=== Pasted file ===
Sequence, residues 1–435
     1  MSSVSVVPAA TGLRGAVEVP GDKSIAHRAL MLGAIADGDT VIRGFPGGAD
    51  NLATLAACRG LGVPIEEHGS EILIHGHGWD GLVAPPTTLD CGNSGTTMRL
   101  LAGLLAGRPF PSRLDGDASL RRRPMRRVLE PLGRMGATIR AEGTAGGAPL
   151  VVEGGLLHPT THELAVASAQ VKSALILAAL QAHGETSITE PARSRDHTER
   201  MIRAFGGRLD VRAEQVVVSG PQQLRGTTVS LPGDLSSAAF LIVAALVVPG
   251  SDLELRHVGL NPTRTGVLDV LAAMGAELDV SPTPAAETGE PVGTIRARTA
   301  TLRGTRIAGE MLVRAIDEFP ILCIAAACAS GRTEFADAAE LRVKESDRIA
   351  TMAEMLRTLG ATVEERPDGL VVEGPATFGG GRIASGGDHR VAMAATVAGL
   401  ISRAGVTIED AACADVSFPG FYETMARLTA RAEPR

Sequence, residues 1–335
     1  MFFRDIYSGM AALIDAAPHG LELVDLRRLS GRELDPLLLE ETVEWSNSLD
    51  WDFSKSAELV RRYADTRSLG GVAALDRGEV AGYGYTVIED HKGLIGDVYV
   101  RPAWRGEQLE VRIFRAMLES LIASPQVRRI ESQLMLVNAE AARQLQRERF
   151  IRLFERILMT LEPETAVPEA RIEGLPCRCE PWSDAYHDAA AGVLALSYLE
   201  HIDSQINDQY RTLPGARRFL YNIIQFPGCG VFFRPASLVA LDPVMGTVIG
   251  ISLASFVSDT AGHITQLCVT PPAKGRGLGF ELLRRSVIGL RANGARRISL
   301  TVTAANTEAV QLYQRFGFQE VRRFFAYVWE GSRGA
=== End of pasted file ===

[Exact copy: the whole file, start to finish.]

Sequence, residues 1–435
     1  MSSVSVVPAA TGLRGAVEVP GDKSIAHRAL MLGAIADGDT VIRGFPGGAD
    51  NLATLAACRG LGVPIEEHGS EILIHGHGWD GLVAPPTTLD CGNSGTTMRL
   101  LAGLLAGRPF PSRLDGDASL RRRPMRRVLE PLGRMGATIR AEGTAGGAPL
   151  VVEGGLLHPT THELAVASAQ VKSALILAAL QAHGETSITE PARSRDHTER
   201  MIRAFGGRLD VRAEQVVVSG PQQLRGTTVS LPGDLSSAAF LIVAALVVPG
   251  SDLELRHVGL NPTRTGVLDV LAAMGAELDV SPTPAAETGE PVGTIRARTA
   301  TLRGTRIAGE MLVRAIDEFP ILCIAAACAS GRTEFADAAE LRVKESDRIA
   351  TMAEMLRTLG ATVEERPDGL VVEGPATFGG GRIASGGDHR VAMAATVAGL
   401  ISRAGVTIED AACADVSFPG FYETMARLTA RAEPR

Sequence, residues 1–335
     1  MFFRDIYSGM AALIDAAPHG LELVDLRRLS GRELDPLLLE ETVEWSNSLD
    51  WDFSKSAELV RRYADTRSLG GVAALDRGEV AGYGYTVIED HKGLIGDVYV
   101  RPAWRGEQLE VRIFRAMLES LIASPQVRRI ESQLMLVNAE AARQLQRERF
   151  IRLFERILMT LEPETAVPEA RIEGLPCRCE PWSDAYHDAA AGVLALSYLE
   201  HIDSQINDQY RTLPGARRFL YNIIQFPGCG VFFRPASLVA LDPVMGTVIG
   251  ISLASFVSDT AGHITQLCVT PPAKGRGLGF ELLRRSVIGL RANGARRISL
   301  TVTAANTEAV QLYQRFGFQE VRRFFAYVWE GSRGA